Before I had a chance to shut the front door, the sound of Brady choking on his own vomit pierced my eardrums. I was in our bedroom within seconds to witness him take what ended up being his last breath. Immediately I rolled him to his side to help him clear his airway. He flopped onto his back.
Abdominal thrusts. I slapped his face and shouted his name.
I followed the directions the dispatcher gave me on speakerphone, putting my effort into every motion as tears ran down my face.
“The paramedics are on their way. Do you hear the sirens yet?”
“Yes,” I said as I used my full weight to come down on Brady’s torso, trying to dislodge whatever particle had stopped all air from moving in and out of his lungs.
Nothing helped. He just stared up at me with glazed-over eyes and refused to breathe.
“Goddammit. Don’t you dare leave me like this!”
I blankly watched as the paramedics swarmed into the bedroom, shooing me away so they could assess Brady’s condition, and I saw the grim looks on their faces when they realized what had really happened. The frenzied activity ceased, and their demeanor changed the second they found the syringe, spoon, and lighter.
About the Author:
Posy Roberts writes about romantic male love. Whether her characters are family men, drag queens, or lonely men searching for connections, they all find a home in her stories.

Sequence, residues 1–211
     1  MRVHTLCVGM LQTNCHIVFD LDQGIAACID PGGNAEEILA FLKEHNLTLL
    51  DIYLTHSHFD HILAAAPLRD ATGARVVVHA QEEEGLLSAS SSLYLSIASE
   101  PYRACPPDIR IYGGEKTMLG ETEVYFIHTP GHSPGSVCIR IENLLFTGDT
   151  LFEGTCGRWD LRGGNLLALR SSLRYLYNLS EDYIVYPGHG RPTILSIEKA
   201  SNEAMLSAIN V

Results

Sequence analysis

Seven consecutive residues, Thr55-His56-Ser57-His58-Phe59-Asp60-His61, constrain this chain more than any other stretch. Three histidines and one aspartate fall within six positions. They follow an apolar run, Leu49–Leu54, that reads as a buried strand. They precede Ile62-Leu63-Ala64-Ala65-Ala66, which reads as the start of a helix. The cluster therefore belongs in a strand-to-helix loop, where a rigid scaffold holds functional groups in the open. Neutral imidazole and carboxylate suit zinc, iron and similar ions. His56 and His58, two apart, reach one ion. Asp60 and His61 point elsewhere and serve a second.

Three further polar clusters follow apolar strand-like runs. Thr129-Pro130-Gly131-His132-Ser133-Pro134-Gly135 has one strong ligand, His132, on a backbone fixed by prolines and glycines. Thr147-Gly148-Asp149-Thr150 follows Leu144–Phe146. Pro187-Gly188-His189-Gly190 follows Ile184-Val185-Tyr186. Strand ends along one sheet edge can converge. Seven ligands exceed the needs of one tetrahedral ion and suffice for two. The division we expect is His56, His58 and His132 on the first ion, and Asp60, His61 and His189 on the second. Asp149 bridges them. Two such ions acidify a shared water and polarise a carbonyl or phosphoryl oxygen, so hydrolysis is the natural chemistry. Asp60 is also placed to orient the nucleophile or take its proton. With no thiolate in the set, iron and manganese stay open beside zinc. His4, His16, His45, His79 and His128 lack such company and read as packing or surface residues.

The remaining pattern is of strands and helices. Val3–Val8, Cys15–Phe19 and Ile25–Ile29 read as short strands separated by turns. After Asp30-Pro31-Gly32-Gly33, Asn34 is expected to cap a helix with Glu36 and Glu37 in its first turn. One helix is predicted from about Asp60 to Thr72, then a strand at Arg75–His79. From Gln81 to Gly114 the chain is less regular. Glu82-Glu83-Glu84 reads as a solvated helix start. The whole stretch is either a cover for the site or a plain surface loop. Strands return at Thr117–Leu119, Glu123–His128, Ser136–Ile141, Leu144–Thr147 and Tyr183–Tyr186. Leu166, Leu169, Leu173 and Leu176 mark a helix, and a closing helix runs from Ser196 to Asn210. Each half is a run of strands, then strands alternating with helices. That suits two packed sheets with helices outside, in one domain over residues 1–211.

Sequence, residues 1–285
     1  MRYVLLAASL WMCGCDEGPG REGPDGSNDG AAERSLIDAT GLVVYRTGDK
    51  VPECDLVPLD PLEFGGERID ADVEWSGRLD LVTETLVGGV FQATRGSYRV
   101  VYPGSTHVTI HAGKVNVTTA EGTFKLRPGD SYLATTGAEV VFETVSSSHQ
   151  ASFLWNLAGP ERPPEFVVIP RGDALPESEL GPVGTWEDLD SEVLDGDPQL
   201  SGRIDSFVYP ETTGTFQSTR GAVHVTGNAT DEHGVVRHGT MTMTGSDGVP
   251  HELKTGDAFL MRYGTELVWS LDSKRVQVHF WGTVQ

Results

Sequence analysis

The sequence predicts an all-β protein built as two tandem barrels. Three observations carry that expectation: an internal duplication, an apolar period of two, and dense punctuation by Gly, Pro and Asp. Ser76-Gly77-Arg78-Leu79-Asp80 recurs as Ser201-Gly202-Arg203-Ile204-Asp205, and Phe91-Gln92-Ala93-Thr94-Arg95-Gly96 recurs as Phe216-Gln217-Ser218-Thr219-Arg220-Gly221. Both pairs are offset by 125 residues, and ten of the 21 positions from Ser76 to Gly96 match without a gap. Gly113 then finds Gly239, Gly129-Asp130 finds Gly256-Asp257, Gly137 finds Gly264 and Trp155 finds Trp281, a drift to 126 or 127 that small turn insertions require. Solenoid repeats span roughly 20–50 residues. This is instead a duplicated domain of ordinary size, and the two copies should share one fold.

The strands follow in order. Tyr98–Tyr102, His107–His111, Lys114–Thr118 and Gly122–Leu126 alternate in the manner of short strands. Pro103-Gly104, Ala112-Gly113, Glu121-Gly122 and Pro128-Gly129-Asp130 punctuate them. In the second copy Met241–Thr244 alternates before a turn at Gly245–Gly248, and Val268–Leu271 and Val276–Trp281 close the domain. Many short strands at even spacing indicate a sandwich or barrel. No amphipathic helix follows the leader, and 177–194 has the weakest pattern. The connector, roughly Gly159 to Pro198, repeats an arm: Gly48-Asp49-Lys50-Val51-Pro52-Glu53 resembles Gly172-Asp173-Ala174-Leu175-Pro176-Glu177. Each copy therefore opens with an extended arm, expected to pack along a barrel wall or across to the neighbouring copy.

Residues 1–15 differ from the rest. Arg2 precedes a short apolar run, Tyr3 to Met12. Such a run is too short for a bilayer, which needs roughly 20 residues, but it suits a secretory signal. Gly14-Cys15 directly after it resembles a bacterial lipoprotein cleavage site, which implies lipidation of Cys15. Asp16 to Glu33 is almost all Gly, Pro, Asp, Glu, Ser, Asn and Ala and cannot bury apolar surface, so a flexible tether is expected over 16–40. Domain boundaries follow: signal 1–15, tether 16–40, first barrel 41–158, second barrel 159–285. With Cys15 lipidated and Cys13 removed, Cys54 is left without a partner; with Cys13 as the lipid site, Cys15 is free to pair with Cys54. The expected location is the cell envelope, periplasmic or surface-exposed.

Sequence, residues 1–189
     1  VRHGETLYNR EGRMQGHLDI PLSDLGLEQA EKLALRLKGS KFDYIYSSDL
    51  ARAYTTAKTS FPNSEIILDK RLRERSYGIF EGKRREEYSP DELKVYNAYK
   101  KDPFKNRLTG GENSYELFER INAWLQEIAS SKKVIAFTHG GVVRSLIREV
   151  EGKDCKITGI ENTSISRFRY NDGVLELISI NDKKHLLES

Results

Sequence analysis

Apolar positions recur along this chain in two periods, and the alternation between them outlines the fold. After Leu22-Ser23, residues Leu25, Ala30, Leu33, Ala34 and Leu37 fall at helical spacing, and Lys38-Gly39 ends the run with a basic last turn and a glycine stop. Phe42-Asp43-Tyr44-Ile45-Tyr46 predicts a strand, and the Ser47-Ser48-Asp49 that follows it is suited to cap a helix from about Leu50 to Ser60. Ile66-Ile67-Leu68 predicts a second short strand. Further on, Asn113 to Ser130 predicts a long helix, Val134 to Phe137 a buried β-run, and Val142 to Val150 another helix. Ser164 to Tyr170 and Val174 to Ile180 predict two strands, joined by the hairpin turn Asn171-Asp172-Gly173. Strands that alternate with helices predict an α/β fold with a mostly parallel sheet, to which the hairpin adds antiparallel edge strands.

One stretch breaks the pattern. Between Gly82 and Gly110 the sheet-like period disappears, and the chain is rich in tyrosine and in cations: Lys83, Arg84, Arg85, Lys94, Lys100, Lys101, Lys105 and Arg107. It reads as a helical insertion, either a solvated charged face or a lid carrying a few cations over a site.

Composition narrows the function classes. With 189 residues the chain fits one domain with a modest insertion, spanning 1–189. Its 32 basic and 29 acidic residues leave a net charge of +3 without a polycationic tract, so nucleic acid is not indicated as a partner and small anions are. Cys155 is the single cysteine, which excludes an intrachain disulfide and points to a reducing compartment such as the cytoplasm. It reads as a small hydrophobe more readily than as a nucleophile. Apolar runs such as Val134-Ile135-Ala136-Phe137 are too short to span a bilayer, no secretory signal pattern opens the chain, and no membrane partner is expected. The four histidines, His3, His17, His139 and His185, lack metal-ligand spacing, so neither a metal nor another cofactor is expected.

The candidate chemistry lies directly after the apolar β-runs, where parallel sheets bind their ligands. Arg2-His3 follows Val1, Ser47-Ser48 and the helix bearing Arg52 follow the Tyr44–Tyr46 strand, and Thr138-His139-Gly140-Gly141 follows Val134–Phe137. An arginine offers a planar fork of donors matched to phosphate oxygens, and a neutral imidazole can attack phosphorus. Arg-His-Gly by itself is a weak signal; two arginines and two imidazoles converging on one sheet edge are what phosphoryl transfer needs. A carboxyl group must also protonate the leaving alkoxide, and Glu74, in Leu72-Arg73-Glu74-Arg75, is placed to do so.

Posy is married to a man who makes sure she doesn’t forget to eat or sleep; her daughter, a budding author and dedicated Whovian, helps her come up with character names. When Posy’s not writing, she enjoys crafting, hiking, and singing spontaneously about the mundane, just to make normal seem more interesting.
I have a number of paperbacks, most of which are signed, to giveaway. Over the between now (11 Mar 2017) and 31 Mar 2017, every comment on the blog (this post and all other new posts), will be entered to win 1 of these paperbacks. There are also some misc swag items, so there will be a few packs of these to give away as well.
Thank you so much for your support over the last 4 years. Prism will be closing its doors on 1 April 2017. All content will remain available, but no new content will appear after 31 Mar 2017. As such all request forms have been turned off. Again Thank you,